JJ Watt garnered much attention across the league this week, as he is a free agent for the first time in his 10-year career. Reports stated that Watt is looking for a quarterback, supporting personnel and money. The Chiefs certainly can offer the first two. Could they agree on the third? Our John Dixon explored.
Does this mean that Watt would consider the Kansas City Chiefs as a good landing spot? It’s certainly possible. But a better question might be whether the Chiefs would consider Watt — who will be 32 when the season begins — as a good fit for them.
And then there’s the money. Watt’s reported priorities notwithstanding, there are other teams that will have more to spend in free agency. While it’s possible the Chiefs could make moves that could give them enough cap space to make a deal with Watt, would they consider that a good use of their financial resources? Or would they prefer to use them on younger players?
NFL free agency is on the horizon, with the legal tampering period beginning on March 15. Because of a lower salary cap, it has been suggested that perhaps some premiere veterans could take cheaper one-year deals with contending teams to make more money in 2022. If that’s the case, Ron Kopp believes the Chiefs would stand to benefit.
First of all, they aren’t in as negative a cap situation as it seems right now. Our John Dixon broke down ways the Chiefs could get back into the positive and have room to work with, but it won’t be enough to compete for players like Robinson, Davis, or other big names at their maximum value.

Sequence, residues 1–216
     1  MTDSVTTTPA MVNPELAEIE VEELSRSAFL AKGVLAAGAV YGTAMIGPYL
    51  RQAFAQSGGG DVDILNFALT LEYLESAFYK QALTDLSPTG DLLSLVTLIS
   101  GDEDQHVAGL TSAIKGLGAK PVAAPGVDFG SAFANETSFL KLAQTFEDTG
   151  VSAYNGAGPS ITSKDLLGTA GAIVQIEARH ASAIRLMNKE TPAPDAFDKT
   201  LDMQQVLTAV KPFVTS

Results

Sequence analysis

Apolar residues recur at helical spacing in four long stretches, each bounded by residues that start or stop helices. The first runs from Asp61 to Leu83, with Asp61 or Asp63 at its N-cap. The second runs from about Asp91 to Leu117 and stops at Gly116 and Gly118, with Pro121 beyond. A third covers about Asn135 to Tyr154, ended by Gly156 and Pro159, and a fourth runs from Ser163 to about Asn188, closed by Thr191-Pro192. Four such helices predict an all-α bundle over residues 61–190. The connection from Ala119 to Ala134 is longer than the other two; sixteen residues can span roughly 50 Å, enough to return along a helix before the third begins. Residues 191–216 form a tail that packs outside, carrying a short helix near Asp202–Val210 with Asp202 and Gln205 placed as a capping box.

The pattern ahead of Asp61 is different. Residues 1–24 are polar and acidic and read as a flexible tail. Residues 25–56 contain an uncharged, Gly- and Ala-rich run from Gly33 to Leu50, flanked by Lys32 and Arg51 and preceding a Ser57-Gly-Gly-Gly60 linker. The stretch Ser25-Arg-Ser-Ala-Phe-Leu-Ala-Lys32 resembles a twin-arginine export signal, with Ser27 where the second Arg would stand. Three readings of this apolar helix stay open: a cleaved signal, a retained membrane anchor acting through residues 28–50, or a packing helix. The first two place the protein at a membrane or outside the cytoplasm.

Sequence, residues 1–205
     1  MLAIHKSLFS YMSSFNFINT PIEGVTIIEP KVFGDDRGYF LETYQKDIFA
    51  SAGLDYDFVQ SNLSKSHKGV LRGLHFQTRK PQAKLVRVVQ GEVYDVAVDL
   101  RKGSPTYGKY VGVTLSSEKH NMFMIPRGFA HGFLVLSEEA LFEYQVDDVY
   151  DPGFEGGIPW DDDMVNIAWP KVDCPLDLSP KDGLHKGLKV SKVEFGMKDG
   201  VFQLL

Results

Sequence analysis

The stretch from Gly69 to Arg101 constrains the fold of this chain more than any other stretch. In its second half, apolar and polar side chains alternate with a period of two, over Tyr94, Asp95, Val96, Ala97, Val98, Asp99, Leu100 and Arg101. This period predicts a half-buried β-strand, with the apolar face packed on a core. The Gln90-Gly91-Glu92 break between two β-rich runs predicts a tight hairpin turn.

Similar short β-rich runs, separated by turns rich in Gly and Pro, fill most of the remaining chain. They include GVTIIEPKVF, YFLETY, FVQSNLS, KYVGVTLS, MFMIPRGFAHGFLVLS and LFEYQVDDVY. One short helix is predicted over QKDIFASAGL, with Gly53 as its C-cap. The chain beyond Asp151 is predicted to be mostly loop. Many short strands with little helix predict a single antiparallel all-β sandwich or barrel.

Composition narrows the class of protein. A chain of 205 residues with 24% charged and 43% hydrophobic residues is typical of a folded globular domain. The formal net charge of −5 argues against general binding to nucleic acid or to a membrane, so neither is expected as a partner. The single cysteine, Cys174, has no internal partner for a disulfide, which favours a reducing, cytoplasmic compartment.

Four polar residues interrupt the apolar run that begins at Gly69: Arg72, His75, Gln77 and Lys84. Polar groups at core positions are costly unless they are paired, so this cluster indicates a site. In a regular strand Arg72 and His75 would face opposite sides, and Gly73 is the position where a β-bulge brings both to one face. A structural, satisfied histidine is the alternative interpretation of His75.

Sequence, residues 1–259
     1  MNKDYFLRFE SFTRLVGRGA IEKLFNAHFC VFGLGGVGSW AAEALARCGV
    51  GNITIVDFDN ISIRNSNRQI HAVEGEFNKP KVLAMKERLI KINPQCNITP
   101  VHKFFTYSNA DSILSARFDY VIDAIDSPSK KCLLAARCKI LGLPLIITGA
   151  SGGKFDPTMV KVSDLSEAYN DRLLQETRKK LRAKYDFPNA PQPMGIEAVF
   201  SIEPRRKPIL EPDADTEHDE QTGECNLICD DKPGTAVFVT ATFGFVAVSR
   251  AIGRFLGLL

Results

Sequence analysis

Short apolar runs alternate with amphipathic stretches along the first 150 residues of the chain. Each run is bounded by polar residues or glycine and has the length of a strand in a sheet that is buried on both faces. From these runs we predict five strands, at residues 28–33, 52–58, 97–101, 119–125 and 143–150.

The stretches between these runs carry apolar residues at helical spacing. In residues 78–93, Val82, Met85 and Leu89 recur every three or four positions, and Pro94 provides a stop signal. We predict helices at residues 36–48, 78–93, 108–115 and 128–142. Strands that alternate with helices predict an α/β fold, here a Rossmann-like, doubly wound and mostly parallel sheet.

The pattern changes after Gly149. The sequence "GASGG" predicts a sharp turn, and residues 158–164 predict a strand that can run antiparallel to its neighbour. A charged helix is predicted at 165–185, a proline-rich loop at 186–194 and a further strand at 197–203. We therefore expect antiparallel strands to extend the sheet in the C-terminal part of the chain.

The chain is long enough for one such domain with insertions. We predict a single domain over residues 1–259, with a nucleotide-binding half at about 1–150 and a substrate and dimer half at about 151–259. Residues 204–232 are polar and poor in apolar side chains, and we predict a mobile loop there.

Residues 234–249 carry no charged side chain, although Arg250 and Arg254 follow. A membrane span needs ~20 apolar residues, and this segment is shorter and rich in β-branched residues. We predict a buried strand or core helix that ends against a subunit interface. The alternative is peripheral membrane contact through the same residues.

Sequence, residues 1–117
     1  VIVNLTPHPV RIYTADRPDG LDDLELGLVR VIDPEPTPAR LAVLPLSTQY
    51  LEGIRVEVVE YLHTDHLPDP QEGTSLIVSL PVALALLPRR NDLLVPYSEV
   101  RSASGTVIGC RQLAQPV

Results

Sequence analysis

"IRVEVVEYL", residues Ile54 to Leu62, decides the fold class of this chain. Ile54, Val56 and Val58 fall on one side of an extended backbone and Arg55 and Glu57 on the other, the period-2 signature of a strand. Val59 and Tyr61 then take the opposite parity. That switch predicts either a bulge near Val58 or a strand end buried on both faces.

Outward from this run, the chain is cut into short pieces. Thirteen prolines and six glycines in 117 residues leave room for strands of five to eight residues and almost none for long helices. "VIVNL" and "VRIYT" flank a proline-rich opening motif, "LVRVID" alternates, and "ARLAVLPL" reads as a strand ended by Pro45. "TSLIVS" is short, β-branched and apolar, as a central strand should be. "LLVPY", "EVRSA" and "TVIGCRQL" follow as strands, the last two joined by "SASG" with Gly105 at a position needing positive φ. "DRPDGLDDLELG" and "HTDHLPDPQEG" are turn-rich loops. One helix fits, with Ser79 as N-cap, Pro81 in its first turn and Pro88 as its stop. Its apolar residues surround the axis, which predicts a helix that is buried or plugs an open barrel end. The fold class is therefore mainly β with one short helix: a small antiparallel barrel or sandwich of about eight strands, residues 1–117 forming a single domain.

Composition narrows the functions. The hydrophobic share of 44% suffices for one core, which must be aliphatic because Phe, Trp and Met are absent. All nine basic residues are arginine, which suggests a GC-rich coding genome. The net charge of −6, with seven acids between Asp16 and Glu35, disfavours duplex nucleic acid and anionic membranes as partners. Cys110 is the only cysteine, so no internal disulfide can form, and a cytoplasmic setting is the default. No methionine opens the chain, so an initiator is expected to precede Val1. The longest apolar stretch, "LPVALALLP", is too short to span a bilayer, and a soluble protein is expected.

However, what if a player like Robinson — who has caught most of his career passes from quarterbacks Blake Bortles and Mitch Trubisky — wants to wait one more offseason to sign long-term and takes a one-year contract in Kansas City to boost his production playing with Patrick Mahomes?
It is an incredibly packed class of wide receivers to sign in free agency. Robinson is the best of the bunch for my money, but a number of them could have a similar thought process. Wide receivers’ value is as high as it has ever been; teams will pay for big-talent — they just may not be able to this offseason.
That heightened competition in the receiver market may force Sammy Watkins’ price down significantly — enough for the Chiefs to get tempted with re-signing. General manager Brett Veach has publicized his admiration for Watkins, and the selling point on his talent can always be made as justification.